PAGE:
HAMILTON, William Gerard (1729-96), of Hampton Court, Mdx.

Published in The History of Parliament: the House of Commons 1790-1820, ed. R. Thorne, 1986
Available from Boydell and Brewer



9 Feb. 1754 - 1761
1761 - 1768
1768 - 1774
1774 - 1780
1780 - 1790
1790 - 1796

Family and Education

b. 28 Jan. 1729, 1st surv. s. of William Hamilton, barrister, of Lincoln’s Inn, Mdx. by 1st w. Helen, da. of David Hay of Woodcockdale, Linlithgow. educ. Harrow 1742-5; L. Inn 1744; Oriel, Oxf. 1745. unm. suc. fa. 1754.

Offices Held

MP [I] 1761-8.

Commr. of Trade Apr. 1756-Mar. 1761; chief sec. to ld. lt. [I] 1761-4; chancellor of exchequer [I] May 1763-1784, when he exchanged the office for an Irish pension of £2,000 p.a.


Hamilton’s reputation as a time-server was confirmed when he deserted Pitt for the Prince of Wales during the Regency crisis. Sir Gilbert Elliot reported to his wife:

The Prince of Wales has got very much into the hands of Single-speech Hamilton, who, though a friend of yours is the worst man alive. He is drawing the Prince to very bad steps for his own interest. I mean for Hamilton’s interest; and besides he prevents the Prince from consulting and being advised by his real friends and those with whom he professes to be connected.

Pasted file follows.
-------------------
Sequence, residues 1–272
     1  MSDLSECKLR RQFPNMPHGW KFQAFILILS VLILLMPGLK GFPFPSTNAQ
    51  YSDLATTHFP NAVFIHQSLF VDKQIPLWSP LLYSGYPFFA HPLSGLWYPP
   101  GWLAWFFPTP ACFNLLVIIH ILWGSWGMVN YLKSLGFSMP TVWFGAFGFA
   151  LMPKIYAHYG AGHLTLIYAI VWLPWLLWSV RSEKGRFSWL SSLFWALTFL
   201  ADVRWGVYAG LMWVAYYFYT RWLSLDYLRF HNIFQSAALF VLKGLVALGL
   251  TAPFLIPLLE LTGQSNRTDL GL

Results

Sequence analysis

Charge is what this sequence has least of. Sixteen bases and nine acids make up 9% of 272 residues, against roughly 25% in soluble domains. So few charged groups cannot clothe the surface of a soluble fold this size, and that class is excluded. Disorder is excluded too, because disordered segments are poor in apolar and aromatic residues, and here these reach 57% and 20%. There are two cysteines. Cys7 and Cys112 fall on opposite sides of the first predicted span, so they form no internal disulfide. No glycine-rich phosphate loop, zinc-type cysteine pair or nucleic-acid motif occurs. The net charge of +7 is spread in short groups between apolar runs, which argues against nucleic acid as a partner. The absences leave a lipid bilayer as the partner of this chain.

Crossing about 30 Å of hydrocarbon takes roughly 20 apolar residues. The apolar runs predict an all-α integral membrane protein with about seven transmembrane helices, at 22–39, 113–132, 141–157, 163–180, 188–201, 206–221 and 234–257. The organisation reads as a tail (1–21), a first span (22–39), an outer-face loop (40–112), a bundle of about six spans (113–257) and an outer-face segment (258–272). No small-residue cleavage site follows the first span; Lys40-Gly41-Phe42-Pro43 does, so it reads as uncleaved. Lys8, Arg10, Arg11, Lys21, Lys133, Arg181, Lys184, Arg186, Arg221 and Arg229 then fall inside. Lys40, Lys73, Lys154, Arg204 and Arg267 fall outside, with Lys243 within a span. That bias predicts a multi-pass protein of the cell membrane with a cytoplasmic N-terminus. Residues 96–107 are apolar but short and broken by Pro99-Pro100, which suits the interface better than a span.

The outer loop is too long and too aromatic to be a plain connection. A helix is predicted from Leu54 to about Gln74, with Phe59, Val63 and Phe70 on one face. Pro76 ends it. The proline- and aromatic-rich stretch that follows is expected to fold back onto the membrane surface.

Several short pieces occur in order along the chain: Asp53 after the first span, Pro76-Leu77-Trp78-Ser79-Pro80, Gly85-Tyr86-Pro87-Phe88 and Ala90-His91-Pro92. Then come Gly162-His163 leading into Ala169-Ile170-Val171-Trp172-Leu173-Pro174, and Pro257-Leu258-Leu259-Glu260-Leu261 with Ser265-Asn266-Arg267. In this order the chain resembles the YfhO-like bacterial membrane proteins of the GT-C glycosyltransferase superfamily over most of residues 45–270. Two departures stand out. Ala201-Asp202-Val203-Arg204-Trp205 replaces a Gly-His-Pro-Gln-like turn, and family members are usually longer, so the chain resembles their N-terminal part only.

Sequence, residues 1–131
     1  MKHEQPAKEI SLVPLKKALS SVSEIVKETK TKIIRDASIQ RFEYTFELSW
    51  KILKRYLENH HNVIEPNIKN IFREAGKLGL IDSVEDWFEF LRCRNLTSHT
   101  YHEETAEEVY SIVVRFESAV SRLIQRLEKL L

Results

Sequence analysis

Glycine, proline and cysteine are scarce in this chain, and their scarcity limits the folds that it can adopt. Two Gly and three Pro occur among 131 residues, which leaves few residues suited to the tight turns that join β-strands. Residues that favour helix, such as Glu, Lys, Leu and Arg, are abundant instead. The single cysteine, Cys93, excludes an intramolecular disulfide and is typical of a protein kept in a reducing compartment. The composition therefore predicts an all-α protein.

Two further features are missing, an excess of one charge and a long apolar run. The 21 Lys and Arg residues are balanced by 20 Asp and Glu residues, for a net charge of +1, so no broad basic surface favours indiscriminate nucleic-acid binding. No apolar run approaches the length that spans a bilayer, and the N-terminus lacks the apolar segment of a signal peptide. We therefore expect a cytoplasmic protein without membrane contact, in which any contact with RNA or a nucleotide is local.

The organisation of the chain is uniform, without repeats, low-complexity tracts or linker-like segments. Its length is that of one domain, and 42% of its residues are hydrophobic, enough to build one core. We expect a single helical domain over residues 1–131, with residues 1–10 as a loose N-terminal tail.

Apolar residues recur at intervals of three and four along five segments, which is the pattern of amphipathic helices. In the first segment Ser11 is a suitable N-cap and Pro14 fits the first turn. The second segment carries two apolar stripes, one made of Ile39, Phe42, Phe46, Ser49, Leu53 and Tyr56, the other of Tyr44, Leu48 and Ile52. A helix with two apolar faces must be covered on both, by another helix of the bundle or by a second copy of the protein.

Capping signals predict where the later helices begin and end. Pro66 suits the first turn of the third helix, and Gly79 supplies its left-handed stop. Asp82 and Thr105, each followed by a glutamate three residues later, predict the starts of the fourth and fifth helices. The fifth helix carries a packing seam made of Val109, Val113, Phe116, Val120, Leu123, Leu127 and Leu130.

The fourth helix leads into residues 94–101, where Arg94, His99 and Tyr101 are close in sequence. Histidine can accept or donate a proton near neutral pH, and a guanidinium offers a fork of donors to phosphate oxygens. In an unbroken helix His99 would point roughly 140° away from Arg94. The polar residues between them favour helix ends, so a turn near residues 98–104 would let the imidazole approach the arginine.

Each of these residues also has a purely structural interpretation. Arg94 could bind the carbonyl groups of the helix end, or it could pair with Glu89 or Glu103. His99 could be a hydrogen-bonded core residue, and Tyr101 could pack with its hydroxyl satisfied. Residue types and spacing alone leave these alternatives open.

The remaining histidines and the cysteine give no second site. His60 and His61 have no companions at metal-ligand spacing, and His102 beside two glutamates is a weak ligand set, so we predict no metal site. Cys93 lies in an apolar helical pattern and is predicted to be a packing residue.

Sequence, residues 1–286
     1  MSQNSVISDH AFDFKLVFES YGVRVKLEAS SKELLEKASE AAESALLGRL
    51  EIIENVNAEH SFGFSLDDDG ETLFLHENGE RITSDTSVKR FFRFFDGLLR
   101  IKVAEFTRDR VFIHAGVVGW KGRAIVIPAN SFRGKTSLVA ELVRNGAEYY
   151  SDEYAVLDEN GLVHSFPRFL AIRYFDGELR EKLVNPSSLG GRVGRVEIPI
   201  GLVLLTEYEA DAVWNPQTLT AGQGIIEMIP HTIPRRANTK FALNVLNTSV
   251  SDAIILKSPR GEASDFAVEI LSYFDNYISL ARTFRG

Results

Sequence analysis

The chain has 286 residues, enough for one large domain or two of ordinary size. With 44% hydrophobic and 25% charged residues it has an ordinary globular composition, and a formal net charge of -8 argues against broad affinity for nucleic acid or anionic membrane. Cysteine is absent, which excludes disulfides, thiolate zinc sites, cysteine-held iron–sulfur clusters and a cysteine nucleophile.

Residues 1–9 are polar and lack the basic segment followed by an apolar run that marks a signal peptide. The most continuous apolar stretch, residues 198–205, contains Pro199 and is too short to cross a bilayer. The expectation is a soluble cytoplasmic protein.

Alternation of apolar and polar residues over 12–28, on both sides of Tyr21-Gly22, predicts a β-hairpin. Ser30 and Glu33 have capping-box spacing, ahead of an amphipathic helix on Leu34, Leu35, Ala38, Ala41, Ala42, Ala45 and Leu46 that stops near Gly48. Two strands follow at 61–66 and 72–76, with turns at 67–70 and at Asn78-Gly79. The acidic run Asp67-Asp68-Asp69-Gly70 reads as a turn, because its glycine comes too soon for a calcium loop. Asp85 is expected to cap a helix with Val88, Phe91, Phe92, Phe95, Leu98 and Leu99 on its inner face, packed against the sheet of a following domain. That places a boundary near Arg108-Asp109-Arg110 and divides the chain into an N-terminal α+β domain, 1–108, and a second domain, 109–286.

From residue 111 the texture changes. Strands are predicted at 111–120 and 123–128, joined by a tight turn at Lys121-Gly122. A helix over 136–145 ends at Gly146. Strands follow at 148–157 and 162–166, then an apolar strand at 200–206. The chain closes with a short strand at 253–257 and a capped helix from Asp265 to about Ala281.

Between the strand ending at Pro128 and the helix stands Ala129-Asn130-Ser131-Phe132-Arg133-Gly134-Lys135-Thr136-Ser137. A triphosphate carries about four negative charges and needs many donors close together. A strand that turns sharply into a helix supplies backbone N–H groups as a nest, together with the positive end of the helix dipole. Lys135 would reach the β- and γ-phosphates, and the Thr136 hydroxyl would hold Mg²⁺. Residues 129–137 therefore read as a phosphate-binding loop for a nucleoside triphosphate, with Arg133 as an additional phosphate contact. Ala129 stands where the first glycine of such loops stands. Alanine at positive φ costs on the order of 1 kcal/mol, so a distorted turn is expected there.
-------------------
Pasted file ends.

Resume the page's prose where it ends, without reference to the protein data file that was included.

The Prince was unable to induce Lord Pembroke to retain Hamilton as one of his Members for Wilton, but he found another seat, free of expense, as the 1st Earl of Lonsdale’s nominee for Haslemere. Perhaps, like Lonsdale, he reverted to support for Pitt from 1790. In any case, he made no mark in his last Parliament. He was listed ‘doubtful’ on the Test Act repeal question in April 1791.

In the winter of 1791-2 he suffered a severe paralytic stroke, ‘not his first and he is not expected to recover’. In August 1792 he was still ‘in a very uncertain state’. Lord Charlemont, informed of this, commented, ‘There was a man whose talents were equal to every undertaking and yet from indolence, or from a too fastidious vanity, or from what cause I know not, he has done nothing’. On 4 Mar. 1793 he obtained leave of absence from the House for ill health. At the approach of the dissolution he wrote, ‘At my age and with my infirmities a seat in Parliament can be an object neither of interest nor of ambition’. His death, 16 July 1796, came ‘just in time to save him from absolute poverty’. His Parliamentary Logic, a repertorium of adages for debaters, was published posthumously by his friend Edmund Malone.

Minto, i. 356-7; ii. 2; HMC Charlemont, ii. 197-8; Parliamentary Logic ed. Kenny, p. viii; Add. 51725, Egremont to Holland, 27 Apr. 1834.

Ref Volumes: 1790-1820

Author: Brian Murphy